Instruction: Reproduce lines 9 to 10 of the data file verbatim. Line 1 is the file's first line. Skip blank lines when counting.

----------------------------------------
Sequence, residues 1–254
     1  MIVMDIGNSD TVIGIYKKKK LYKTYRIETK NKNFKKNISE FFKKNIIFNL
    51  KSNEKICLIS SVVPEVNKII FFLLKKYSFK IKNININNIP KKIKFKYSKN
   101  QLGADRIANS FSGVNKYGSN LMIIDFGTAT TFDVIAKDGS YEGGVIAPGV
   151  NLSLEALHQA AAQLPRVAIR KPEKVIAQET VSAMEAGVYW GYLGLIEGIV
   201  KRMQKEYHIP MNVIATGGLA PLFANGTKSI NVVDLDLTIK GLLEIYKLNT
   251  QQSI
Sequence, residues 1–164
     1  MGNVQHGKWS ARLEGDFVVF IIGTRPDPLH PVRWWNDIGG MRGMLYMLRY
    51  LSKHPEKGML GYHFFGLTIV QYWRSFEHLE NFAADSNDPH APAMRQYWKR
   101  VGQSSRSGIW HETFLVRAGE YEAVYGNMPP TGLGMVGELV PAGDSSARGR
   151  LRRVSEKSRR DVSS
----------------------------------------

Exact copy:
     1  MGNVQHGKWS ARLEGDFVVF IIGTRPDPLH PVRWWNDIGG MRGMLYMLRY
    51  LSKHPEKGML GYHFFGLTIV QYWRSFEHLE NFAADSNDPH APAMRQYWKR